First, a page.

Teaching Law

Thursday, 15 November 2012

Is my body my own?

Sadly, late last month, an Indian woman, Savita Halappanavar, died of septicemia in an Irish hospital.  The source of her infection was her dying foetus.  Yet doctors refused her the termination that would save her life, because the dying foetus still had a heartbeat.  The life of this woman ended because, in accordance with the teachings of the Catholic Church, the 'life' (such as it was) of the foetus was paramount.

While press reports indicate that in Ireland obstetricians have a duty to act in the best interests of the mother, there is apparently a lack of clarity in this jurisdiction as to when the medical profession can intervene lawfully.

This case highlights, yet again, the issue of bodily integrity for women and the extent of State intervention into women's autonomy over themselves.  This concern is not limited to Ireland, but exists around the world.

Bodily autonomy

In this tragic Irish case, the State (giving voice to Church teaching) through its refusal to allow for terminations, prevented medical treatment in accordance with the woman's request.

It is accepted at law that an adult person, being a person of legal capacity, is in charge over their own body.  This means that, amongst other things, an adult had the capacity to make decisions as to their medical treatment.  In many Australian jurisdictions, this is taken further through legislation that allows adults with the requisite capacity, to make advance directives as to their medical treatment in case of their subsequent loss of capacity.

This right to bodily autonomy includes the right to refuse medical treatment.  In Victoria for example, the Medical Treatment Act 1998 provides for a 'refusal of treatment' certificate.  There have been recent cases also in Australia that support a person's right to make decisions to refuse treatment.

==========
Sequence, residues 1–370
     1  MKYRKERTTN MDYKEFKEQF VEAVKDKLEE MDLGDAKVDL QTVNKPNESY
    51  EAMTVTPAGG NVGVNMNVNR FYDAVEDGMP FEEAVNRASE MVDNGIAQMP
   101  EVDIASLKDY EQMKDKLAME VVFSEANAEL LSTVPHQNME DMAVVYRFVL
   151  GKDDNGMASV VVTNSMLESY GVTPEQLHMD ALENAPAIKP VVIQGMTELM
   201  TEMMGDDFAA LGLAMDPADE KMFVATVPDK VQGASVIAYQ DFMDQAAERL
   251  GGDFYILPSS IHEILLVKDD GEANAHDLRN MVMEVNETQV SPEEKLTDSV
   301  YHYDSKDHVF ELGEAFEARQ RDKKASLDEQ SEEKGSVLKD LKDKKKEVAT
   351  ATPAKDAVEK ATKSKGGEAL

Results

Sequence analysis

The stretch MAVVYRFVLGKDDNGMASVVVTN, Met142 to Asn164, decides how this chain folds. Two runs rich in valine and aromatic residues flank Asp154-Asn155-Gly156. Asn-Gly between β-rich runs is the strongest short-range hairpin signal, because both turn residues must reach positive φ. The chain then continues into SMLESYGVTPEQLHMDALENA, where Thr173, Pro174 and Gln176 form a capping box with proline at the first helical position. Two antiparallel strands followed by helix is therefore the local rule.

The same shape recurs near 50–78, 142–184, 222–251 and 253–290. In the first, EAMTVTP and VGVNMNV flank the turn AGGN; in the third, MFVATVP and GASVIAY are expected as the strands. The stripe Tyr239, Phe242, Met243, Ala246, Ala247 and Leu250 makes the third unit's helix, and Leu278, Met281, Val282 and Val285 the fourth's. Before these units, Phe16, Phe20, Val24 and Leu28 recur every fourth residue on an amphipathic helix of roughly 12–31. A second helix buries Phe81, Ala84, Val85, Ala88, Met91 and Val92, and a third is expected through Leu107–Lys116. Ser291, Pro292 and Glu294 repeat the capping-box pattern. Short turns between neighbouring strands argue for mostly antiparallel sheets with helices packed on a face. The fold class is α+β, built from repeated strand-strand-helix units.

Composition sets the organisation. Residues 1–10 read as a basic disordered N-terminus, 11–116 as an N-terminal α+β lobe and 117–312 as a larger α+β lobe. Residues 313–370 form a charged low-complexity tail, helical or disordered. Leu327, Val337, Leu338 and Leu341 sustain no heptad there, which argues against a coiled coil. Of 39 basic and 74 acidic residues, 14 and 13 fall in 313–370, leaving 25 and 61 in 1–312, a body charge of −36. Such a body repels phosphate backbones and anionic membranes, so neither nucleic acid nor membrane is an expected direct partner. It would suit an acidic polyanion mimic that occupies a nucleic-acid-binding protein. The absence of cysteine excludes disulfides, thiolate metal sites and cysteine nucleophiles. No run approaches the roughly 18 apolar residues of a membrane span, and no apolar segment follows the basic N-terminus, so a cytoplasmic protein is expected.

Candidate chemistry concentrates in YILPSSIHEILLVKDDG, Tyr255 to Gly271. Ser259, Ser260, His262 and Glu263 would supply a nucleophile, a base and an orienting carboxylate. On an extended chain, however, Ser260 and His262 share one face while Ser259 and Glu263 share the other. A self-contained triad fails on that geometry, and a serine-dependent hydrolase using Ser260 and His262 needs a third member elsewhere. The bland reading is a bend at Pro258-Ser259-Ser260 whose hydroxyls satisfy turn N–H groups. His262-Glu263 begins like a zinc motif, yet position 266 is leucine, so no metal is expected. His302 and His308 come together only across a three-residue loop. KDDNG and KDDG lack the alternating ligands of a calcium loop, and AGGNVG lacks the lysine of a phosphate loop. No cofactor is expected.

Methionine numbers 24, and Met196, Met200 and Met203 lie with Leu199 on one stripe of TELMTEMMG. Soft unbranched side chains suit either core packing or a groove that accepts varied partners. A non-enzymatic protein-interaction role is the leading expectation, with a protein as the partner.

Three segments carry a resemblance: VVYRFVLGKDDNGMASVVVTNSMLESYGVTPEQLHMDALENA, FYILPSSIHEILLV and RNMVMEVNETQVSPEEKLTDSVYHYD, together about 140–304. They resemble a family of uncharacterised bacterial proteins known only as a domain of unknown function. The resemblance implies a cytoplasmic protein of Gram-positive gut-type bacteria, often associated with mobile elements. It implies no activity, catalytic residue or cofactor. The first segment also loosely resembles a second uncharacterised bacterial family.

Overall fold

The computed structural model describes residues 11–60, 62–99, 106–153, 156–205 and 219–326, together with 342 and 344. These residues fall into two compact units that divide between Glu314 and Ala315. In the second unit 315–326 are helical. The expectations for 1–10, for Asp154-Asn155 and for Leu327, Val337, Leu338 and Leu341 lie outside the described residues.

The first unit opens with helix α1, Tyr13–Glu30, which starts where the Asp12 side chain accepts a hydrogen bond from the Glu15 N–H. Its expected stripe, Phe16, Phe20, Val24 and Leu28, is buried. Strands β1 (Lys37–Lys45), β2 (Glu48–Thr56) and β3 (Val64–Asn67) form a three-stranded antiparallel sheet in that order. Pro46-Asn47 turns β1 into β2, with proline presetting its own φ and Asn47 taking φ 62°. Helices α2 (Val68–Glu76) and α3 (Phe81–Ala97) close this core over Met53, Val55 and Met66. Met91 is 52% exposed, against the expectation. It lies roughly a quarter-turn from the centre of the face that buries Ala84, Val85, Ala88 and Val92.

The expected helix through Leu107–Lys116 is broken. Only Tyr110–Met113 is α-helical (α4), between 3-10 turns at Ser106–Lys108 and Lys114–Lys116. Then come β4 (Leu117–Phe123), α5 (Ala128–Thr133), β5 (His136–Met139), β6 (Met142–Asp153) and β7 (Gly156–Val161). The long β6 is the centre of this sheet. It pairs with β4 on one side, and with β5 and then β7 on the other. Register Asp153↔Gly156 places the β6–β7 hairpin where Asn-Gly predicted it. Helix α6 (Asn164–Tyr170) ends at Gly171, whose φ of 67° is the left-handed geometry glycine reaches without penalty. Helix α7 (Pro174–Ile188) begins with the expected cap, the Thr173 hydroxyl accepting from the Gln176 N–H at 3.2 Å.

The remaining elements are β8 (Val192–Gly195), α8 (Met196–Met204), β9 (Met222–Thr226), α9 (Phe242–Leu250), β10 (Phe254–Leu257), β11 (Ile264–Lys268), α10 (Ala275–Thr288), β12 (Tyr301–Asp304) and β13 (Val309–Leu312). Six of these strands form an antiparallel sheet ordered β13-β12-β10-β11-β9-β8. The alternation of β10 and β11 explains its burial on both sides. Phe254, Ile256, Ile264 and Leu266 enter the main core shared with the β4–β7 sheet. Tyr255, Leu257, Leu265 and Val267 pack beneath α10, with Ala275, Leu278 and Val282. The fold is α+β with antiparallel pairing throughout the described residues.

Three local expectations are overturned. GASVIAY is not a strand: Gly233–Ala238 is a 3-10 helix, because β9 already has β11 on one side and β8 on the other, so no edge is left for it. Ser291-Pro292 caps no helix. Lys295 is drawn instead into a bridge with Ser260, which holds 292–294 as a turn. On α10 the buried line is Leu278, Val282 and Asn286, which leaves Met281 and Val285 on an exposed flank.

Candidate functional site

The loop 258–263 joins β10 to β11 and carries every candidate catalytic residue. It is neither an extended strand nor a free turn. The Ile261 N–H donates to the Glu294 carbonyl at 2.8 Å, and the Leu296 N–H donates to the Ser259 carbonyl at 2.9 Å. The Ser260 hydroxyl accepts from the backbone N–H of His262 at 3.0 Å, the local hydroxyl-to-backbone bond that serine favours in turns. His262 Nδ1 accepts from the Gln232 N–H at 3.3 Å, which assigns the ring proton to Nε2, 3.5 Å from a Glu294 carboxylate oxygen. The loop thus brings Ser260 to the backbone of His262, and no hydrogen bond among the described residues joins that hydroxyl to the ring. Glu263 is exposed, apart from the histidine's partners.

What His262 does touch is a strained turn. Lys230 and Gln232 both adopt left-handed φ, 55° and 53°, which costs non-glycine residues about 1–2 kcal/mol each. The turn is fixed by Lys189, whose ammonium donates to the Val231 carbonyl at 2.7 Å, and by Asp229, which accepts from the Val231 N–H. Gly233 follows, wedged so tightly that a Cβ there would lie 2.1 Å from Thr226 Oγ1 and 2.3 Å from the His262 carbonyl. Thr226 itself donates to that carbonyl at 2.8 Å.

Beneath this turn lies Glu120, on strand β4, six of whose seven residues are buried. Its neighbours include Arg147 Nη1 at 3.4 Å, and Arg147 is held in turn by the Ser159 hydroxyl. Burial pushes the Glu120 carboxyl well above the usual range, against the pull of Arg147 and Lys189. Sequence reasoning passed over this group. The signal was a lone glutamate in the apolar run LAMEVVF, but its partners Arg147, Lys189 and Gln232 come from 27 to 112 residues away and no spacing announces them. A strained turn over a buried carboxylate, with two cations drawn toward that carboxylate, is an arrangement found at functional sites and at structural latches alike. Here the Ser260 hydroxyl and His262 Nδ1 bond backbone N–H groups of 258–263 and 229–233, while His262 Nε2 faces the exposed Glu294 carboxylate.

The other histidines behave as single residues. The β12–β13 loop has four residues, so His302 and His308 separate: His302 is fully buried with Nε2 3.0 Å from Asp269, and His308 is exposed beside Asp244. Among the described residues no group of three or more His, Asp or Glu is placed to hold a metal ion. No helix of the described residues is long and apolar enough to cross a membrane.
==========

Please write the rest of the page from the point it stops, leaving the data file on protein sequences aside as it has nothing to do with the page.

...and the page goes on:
Woman or pregnant woman?

In spite of this apparently fundamental principle of individual bodily autonomy, it seems to apply to women only to a limited extent.  In particular, laws relating to rape and abortion indicate the extent to which the State imposes itself upon the integrity of women's bodies.  In the case of abortion, and in medical treatment more broadly, the presumptuousness of the State in interposing its law upon women is based upon a failure to see 'woman'.  Instead, it sees 'pregnant woman' and this pitches woman the individual against the foetus.  This is, in the case of Savita Halappanavar and countless others, a battle to the death.

In terms of medical treatment there are many examples particularly in the US, of the State forcibly interfering with women's bodies against the woman's wishes.  This can be as extreme as a court-ordered Caesarian section. (See examples here and here.)  A 2009 US decision (albeit overturned on appeal) upheld the application of a woman's boyfriend to prevent her terminating her pregnancy.

We see this legal mindset reinforced by social attitudes towards pregnant women, supported by almost daily medical reports about foetal health and its links to women's behaviour: what women eat, how much they exercise, how much they drink, how much they work etc.  These attitudes generate norms about what is appropriate maternal behaviour, and women who deviate from this run the risk of legal sanction and perhaps even physical sanction, including forced medical treatment.  (See eg Bridgeman & Millns)

Two sides of the same coin

It may seem paradoxical that on the one hand, women are subjected to medical treatment against their will and yet Savita Halappanavar was refused medical treatment in spite of her clear instructions. 

Instead, I would submit, these are two sides of the same coin.  Both of these consequences represent an overriding of women's own will, and their bodily integrity, by a State (or Church) that seeks to control and oppress, where pregnancy alters the view of women's own autonomy.

Women must become at law individuals with their own will, rather than simply as vessels for procreation.  Until then it seems that it is only men who can lay claim to their own bodies, exercising full autonomy and self-determination.


  1. "...and women who deviate from this run the risk of legal sanction and perhaps even physical sanction, including forced medical treatment." And this is particularly true for Black Australian women. We've seen forced sterilizations, movement restrictions, arranged marriages and alcohol restrictions as just some of the methods used to control their bodies. Pregancy of Black women has been a risk that needed to be managed. The issue of Foetal Alcohol Syndrome Disorder (FASD) has shockingly high rates in our contemporary Indigenous communities across Australia. It is interesting to hear the hyperbole and rhetoric around the issue of 'out of control' drunkeness, and how the issues of bodily integrity you raise, Kate, will play out in our policy responses to FASD.

    1. Anne thanks for this comment. I agree that gender alone is not sufficient to highlight discrimination for all women: that race, class, ability, sexuality etc provide additional layers of complexity to this issue. FASD policy is indeed one to watch.